ST. LOUIS, Missouri, 10 OCT. 2004 (ZENIT)
The Crusaders were not unprovoked aggressors, greedy marauders or
medieval colonialists, as portrayed in some history books.
In fact, Thomas Madden, chair of St. Louis University's history department
and author of "A Concise History of the Crusades," contests that the
Crusaders were a defensive force that did not profit from their ventures
by earthly riches or land.
In fact, Thomas Madden, chair of St. Louis University's history department
and author of "A Concise History of the Crusades," contests that the
Crusaders were defensive wars, not wars of conquest.
Madden shared with ZENIT the most popular myths about the Crusades and the
modern findings that prove them wrong.
Part 2 of this interview will appear Monday.
Q: What are some common misconceptions about the Crusades? the Crusaders?
Madden: The following are some of the most common myths and why they are
Myth 1: The Crusades were wars of unprovoked aggression against a peaceful
This is as wrong as wrong can be. From the time of Mohammed, Muslims had
sought to conquer the Christian world. They did a pretty good job of it,
too. After a few centuries of steady conquests, Muslim armies had taken
all of North Africa, the Middle East, Asia Minor and most of Spain.
In other words, by the end of the 11th century the forces of Islam had
captured two-thirds of the Christian world. Palestine, the home of Jesus
Christ; Egypt, the birthplace of Christian monasticism; Asia Minor, where
St. Paul planted the seeds of the first Christian communities
these were not the periphery of Christianity but its very core.
And the Muslim empires were not finished yet. They continued to press
westward toward Constantinople, ultimately passing it and entering Europe
itself. As far as unprovoked aggression goes, it was all on the Muslim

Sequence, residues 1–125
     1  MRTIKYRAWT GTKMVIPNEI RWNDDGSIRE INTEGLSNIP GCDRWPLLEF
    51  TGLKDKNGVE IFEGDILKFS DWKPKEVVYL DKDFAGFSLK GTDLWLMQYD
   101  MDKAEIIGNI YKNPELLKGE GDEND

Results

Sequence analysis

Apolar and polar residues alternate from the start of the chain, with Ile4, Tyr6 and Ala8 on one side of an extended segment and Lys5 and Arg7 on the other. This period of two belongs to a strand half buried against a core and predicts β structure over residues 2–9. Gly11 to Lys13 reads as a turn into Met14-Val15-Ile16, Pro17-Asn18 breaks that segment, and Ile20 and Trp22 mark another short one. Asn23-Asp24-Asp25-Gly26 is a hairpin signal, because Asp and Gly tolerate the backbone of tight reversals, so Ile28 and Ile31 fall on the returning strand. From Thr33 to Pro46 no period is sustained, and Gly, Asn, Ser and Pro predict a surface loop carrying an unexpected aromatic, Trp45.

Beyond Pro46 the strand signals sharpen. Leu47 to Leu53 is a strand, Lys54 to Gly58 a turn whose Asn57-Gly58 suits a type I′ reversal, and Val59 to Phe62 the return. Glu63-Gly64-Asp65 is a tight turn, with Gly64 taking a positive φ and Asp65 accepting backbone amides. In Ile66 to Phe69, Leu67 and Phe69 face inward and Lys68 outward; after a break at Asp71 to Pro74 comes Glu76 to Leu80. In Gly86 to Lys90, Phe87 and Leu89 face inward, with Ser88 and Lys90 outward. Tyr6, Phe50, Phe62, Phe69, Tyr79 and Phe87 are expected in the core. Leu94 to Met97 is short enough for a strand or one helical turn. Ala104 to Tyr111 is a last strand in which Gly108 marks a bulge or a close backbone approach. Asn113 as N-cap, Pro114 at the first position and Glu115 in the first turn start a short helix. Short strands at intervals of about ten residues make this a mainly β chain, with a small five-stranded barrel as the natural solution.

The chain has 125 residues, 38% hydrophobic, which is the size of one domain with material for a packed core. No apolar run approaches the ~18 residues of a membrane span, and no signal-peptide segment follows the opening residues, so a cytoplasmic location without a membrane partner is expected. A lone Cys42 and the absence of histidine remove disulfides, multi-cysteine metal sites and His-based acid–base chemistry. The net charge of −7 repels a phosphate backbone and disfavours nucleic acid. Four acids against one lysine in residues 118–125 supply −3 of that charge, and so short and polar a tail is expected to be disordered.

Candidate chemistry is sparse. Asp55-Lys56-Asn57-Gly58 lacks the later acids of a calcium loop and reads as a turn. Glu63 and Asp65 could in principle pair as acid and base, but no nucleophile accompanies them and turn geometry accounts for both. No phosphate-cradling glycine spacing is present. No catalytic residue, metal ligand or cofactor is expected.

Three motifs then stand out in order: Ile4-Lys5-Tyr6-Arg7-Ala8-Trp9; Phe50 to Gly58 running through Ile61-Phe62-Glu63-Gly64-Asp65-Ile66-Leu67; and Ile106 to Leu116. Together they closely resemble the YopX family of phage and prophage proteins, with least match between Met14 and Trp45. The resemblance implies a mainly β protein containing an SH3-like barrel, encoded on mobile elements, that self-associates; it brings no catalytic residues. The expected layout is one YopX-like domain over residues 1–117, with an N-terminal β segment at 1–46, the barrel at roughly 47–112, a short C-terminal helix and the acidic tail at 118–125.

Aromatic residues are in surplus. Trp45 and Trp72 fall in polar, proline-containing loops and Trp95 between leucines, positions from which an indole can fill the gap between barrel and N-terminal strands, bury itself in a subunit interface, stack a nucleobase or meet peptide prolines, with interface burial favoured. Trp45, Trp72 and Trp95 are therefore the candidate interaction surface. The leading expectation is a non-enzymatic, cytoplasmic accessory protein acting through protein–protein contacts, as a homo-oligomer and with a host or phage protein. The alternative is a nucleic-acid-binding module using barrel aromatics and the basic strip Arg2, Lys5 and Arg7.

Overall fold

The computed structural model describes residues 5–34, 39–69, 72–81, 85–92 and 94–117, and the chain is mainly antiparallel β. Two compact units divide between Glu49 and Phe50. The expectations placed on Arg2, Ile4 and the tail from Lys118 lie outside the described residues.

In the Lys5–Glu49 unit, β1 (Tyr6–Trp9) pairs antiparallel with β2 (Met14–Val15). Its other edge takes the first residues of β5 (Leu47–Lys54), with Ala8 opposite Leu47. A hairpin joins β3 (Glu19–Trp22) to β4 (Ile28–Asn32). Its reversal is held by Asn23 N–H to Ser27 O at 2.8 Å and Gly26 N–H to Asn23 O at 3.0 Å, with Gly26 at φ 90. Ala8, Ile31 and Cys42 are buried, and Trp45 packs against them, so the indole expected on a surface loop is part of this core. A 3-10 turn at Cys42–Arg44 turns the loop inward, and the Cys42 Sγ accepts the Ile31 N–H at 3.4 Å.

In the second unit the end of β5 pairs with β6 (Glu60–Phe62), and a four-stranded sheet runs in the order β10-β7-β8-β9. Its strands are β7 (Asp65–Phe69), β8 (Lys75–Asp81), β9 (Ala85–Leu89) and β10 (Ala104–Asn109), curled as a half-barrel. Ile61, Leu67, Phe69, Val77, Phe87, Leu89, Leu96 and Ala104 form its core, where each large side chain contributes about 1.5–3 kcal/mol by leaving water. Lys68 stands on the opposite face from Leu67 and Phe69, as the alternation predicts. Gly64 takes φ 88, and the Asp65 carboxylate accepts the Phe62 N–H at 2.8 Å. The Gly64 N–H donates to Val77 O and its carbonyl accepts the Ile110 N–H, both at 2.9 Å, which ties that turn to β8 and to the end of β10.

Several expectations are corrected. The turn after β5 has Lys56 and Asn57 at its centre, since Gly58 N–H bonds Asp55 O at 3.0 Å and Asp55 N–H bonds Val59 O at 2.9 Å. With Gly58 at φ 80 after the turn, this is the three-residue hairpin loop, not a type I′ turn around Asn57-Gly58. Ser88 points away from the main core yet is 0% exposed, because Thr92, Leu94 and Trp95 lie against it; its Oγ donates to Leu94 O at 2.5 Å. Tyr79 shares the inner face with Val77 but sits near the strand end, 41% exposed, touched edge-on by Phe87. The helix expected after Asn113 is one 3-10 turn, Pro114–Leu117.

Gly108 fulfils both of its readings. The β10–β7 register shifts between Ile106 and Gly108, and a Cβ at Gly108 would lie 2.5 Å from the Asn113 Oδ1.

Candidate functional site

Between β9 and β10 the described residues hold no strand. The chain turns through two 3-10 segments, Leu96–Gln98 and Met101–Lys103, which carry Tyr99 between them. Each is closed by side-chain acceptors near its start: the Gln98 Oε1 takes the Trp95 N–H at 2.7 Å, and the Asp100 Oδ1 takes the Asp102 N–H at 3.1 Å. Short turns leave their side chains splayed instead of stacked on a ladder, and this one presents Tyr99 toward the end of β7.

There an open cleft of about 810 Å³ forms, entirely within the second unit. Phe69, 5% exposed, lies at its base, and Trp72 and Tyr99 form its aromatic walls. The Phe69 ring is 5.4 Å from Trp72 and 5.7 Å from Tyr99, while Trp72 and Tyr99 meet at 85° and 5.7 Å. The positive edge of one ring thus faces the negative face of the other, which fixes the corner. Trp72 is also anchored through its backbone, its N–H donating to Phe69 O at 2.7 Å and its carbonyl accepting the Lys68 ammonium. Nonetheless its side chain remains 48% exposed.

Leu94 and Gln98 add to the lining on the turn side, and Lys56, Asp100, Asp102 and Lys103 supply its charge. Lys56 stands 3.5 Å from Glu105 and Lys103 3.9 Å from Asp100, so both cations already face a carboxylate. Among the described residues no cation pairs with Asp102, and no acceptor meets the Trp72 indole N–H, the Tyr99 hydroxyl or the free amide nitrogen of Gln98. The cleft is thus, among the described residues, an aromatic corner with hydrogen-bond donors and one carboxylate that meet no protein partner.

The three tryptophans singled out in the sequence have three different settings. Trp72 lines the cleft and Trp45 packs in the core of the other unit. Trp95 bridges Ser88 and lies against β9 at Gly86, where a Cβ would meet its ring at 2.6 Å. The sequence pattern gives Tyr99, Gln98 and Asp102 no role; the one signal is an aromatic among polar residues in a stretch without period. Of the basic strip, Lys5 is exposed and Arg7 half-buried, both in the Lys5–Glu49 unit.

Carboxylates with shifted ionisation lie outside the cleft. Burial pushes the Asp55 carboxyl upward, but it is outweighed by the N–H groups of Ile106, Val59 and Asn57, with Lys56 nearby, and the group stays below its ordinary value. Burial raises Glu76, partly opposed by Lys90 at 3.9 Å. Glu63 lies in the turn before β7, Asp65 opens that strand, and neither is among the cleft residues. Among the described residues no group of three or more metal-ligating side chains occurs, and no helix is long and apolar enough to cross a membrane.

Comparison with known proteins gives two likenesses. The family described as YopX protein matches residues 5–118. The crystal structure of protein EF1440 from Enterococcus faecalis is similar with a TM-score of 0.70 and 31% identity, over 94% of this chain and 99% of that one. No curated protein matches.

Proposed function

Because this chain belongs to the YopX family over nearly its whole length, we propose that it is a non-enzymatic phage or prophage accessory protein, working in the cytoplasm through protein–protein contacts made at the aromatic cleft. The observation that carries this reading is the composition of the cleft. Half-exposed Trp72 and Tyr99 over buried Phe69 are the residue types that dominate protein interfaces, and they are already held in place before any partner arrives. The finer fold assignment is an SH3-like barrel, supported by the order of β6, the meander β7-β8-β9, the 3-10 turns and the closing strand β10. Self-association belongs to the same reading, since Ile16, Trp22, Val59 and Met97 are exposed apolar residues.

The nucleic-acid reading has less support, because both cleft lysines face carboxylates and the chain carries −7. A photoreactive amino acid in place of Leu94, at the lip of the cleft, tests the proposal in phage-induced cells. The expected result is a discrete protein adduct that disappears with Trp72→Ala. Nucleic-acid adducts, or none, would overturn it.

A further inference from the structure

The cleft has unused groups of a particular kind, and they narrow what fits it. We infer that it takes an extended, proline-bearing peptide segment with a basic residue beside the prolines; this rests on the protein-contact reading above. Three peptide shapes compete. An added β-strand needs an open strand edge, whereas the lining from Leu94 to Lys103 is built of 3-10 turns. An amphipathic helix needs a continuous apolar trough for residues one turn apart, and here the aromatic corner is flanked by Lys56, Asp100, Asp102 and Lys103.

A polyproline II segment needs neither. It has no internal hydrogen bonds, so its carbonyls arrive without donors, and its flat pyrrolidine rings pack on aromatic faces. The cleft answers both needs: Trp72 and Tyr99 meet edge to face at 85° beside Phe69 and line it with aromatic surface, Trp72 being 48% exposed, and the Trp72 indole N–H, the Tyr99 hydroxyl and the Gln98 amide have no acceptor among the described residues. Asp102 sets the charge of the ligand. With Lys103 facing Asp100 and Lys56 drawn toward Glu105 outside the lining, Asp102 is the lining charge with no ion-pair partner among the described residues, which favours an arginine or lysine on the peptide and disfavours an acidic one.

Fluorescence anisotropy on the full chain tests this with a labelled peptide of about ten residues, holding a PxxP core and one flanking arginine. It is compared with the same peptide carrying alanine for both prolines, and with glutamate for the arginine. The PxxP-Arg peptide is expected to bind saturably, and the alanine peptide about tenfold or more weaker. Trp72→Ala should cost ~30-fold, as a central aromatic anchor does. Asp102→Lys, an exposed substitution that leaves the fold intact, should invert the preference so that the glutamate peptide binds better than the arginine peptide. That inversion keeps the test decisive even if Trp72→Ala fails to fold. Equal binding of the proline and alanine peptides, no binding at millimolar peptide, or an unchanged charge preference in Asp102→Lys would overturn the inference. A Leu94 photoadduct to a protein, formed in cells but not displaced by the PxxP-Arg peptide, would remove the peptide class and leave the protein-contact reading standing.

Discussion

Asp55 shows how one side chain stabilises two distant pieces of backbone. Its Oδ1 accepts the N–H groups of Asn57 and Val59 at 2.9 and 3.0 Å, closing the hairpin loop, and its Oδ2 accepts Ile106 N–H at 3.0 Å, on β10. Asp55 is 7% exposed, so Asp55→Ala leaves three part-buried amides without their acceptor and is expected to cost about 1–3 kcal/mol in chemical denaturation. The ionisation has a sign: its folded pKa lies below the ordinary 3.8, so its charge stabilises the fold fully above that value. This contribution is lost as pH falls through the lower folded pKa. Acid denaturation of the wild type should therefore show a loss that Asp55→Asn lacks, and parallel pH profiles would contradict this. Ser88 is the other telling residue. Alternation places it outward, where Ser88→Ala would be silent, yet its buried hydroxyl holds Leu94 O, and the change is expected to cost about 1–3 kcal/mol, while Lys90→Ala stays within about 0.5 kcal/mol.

side. At some point what was left of the Christian world would have to
defend itself or simply succumb to Islamic conquest.
Myth 2: The Crusaders wore crosses, but they were really only interested
in capturing booty and land. Their pious platitudes were just a cover for
Historians used to believe that a rise in Europe's population led to a
crisis of too many noble "second sons," those who were trained in
chivalric warfare but who had no feudal lands to inherit. The Crusades,
therefore, were seen as a safety valve, sending these belligerent men far
from Europe where they could carve out lands for themselves at someone
Modern scholarship, assisted by the advent of computer databases, has
exploded this myth. We now know that it was the "first sons" of Europe
that answered the Pope's call in 1095, as well as in subsequent Crusades.
Crusading was an enormously expensive operation. Lords were forced to sell
off or mortgage their lands to gather the necessary funds. Most were also
not interested in an overseas kingdom. Much like a soldier today, the
medieval Crusader was proud to do his duty but longed to return home.
After the spectacular successes of the First Crusade, with Jerusalem and
much of Palestine in Crusader hands, virtually all of the Crusaders went